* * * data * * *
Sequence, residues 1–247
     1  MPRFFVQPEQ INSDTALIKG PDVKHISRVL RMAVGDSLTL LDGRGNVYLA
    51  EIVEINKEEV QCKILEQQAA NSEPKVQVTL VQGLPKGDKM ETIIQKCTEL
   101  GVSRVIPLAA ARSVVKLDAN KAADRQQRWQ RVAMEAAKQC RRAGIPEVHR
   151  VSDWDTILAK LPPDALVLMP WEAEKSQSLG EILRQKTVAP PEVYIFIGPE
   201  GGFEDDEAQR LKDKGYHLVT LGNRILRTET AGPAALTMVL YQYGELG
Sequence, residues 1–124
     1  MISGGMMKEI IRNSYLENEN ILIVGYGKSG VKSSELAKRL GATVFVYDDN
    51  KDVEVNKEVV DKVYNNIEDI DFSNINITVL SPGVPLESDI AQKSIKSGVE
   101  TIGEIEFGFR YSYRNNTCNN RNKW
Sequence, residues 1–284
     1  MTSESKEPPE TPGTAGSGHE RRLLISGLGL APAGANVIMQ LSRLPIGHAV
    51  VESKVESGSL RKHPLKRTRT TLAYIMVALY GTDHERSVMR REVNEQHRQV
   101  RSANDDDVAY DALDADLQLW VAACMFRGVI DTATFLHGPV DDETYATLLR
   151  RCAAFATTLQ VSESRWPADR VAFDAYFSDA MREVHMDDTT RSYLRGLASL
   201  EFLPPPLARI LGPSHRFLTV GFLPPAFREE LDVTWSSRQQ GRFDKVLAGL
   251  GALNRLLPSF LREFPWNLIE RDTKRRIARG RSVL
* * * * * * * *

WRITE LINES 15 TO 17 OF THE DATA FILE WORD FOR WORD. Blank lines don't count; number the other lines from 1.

   151  RCAAFATTLQ VSESRWPADR VAFDAYFSDA MREVHMDDTT RSYLRGLASL
   201  EFLPPPLARI LGPSHRFLTV GFLPPAFREE LDVTWSSRQQ GRFDKVLAGL
   251  GALNRLLPSF LREFPWNLIE RDTKRRIARG RSVL